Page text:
This 12-year longitudinal study followed a sample of predominantly African American youth for 4 years in high school (1994-1998), 4 year after high school as they experienced the transition to young adulthood (1999-2003), and another 4 years during their late twenties as they experienced middle adult transition (2008-2012).
We used stress-coping, and social influence and integration conceptual models to guide our study. We also applied life-span and resiliency perspectives to inform our longitudinal analyses and identify assets (e.g., self esteem, organized activity involvement) and resources (e.g., adult mentors, parent support) in youth’s lives that helped reduce the negative effects of risk exposure (e.g., poverty, family conflict).
The specific aims of the first 4 years of this study were to examine the risk/protective effects of psychosocial factors (e.g., meaningful instrumental behavior, social influence, and psychological well being) for school apathy (e.g., school dropout, failure, absenteeism and disinterest).
The specific aims of the second 4 waves of this study were to examine the effects of alcohol and other drug use (AOD) on adult transitional events such as marriage and family formation, education achievement, and employment. We also studied other psychosocial outcomes such as violent behavior, higher-stage AOD, sexual behaviors, psychological well-being, social relationships, and community involvement.
During the last 4 years of this study, we added several new measures to provide more in-depth information about parenting, employment qualities, and neighborhood context. The specific aims were to identify factors that increase risk for AOD and its negative consequences during the middle adult transition, examine the effects of young adult developmental tasks on young adult AOD and other outcomes, and investigate factors that help compensate and protect youth from the negative and positive outcomes associated with the transition to adult roles.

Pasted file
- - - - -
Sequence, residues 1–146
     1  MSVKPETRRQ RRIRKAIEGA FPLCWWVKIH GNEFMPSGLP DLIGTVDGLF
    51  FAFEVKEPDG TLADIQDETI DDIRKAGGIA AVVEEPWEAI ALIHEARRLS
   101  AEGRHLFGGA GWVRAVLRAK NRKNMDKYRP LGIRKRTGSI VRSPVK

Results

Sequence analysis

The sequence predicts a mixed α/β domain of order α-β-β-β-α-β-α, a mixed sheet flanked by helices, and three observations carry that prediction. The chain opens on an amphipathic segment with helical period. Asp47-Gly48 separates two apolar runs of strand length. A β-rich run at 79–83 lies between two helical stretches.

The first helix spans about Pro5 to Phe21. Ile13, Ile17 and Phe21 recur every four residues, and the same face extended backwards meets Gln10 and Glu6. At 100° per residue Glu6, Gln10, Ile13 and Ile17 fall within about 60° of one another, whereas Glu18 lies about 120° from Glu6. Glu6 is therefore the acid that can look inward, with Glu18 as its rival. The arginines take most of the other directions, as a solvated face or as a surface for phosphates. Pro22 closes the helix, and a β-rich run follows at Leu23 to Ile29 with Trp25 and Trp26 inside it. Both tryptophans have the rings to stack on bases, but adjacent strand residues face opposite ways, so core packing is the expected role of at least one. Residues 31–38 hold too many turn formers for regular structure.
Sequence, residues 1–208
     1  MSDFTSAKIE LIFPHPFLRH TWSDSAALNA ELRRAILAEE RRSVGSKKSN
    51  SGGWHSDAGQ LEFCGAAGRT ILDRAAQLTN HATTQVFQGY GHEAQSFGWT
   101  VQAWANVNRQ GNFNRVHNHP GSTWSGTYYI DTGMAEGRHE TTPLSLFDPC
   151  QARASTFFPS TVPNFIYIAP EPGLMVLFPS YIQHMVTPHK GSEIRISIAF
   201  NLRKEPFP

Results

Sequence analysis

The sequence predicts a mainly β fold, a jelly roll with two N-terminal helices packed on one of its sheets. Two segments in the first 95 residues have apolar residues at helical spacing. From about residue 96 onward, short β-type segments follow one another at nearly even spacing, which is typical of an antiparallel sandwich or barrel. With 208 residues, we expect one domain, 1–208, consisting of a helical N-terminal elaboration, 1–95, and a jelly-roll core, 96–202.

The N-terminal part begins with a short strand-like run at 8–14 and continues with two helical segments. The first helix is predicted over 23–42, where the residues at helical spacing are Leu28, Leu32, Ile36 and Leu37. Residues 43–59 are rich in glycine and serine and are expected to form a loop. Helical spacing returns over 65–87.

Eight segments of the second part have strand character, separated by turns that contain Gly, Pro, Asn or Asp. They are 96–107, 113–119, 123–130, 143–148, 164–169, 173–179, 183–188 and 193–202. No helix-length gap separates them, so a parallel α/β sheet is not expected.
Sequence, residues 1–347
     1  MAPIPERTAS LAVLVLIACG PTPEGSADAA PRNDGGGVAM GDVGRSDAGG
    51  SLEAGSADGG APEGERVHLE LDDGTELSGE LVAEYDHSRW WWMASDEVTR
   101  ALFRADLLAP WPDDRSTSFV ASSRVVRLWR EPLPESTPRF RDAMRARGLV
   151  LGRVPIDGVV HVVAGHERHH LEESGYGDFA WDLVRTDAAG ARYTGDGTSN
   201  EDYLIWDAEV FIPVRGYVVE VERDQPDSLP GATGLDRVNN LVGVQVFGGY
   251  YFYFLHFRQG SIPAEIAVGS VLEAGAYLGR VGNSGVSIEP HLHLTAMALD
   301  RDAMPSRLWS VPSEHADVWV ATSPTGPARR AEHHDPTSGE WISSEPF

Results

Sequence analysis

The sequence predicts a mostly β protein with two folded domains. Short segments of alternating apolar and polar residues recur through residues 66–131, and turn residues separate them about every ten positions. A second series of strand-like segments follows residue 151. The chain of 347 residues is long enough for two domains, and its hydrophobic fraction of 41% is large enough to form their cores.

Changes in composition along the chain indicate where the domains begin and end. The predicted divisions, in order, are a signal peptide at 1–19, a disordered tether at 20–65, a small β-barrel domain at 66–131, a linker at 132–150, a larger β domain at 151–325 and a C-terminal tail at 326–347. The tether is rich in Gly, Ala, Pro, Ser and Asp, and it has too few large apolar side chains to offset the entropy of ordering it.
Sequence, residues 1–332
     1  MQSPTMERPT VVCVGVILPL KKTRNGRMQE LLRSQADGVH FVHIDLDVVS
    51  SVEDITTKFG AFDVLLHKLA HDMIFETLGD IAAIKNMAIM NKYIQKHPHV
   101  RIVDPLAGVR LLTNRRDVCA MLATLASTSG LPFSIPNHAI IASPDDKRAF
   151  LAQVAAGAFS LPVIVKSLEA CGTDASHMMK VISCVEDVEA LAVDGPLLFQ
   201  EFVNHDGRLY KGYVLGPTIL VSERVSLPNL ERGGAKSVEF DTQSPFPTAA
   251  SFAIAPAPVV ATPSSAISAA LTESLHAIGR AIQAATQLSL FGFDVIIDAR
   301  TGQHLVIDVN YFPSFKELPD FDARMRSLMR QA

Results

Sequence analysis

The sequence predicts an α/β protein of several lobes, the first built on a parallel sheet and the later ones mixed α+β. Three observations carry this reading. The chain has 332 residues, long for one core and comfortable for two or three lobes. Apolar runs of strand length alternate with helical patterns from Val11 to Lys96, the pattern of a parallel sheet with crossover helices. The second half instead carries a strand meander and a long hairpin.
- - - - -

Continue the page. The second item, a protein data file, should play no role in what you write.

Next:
We sampled all youth in the four main public high schools in Flint, Michigan in 1994, who had a grade point average (GPA) of 3.0 or lower. GPA was a selction criteria because the original study was designed to examine whether school drop out and GPA was a consistent factor correlated with dropout, and self identified as African American, White, or mixed background. Race was an inclusion criteria because only 3% of the study body was not African American or White (or mixed race).
The Flint community high schools had 910 students who met this criterion. Of the 60 students who were not enrolled, most had moved out of the district but did not identify. Fewer than 10 of these 60 youth either refused to participate or their parents refused consent.
Our sample comprised 50% females. Approximately 80% of the participants were African American and 17% were European American. The demographics of our sample matched the student body in the school district.
Attrition from a longitudinal study is a major source of bias that can limit the validity of conclusions. We made various efforts throughout the study to keep the level of attrition as low as possible. Year 1 of the study included interviews with 850 ninth-grade youth. Year 4 involved interviews with 770 youth (91% response rate from Year 1).
Our overall response rate from Year 1 to Year 8 is 68%. Given the five-year gap between the wave 8 (2003) and wave 9 (2008), we confirmed the contact information for 465 participants in wave 9. Sixty-participants were ineligible for interview (N = 21; 13 deceased, seven incarcerated and one active in military duty) or refused to continue participating in the study (N = 34). Of the remaining 410 eligible participants, 341 interviews were completed in wave 9.
In the following years, we used the LexisNexis Accurint database to locate participants not found through other tracking methods and were able to complete 384 interviews in wave 12.
The table below shows the number of participants in each wave.
|Wave/Year||# of participants|
Questionnaires, Scales and Data
Our study questionnaires, scales, and data for the first four waves (1994-1997) were deposited as digital data in the University of Michigan Inter-university Consortium for Political and Social Research (ICPSR).
- List all 2083 variables in this study (Waves 1-4)
Questionnaires and data for additional waves are available upon request.